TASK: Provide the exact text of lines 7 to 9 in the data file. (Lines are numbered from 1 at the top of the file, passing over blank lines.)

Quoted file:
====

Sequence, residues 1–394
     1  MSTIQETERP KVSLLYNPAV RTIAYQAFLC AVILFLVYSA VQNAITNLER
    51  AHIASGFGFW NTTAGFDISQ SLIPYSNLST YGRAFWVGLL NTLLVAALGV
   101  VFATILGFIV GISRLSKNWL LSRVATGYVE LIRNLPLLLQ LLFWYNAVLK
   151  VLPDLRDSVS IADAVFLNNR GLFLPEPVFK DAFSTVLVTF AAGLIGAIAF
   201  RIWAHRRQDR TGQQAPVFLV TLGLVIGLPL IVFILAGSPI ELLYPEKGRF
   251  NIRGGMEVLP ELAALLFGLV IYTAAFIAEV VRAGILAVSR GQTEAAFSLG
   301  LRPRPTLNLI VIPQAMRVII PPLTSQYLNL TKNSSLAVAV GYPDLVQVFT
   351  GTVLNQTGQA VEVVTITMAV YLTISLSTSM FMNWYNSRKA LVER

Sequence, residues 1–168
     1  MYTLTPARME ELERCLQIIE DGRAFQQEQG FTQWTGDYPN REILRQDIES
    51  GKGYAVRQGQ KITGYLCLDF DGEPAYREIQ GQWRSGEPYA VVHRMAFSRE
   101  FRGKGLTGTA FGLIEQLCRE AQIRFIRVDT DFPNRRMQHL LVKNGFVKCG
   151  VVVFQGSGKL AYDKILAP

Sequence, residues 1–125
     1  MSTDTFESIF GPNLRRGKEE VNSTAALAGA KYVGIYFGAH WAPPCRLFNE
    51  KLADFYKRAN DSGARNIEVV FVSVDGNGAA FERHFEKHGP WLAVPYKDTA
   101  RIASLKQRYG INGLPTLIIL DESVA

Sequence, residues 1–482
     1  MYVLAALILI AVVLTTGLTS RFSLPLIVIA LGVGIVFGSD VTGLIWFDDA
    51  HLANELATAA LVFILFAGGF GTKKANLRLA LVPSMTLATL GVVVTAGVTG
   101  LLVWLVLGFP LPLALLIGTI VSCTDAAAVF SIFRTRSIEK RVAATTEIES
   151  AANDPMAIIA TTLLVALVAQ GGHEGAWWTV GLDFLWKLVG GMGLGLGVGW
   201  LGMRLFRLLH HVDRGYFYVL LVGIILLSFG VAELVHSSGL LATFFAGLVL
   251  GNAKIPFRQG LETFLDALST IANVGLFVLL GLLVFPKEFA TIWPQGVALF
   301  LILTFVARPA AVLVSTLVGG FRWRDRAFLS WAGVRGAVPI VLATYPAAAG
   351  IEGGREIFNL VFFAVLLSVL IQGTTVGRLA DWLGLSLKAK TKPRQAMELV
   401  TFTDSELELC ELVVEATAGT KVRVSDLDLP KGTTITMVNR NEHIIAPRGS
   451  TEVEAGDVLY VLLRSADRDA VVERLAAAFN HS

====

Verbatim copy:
   251  NIRGGMEVLP ELAALLFGLV IYTAAFIAEV VRAGILAVSR GQTEAAFSLG
   301  LRPRPTLNLI VIPQAMRVII PPLTSQYLNL TKNSSLAVAV GYPDLVQVFT
   351  GTVLNQTGQA VEVVTITMAV YLTISLSTSM FMNWYNSRKA LVER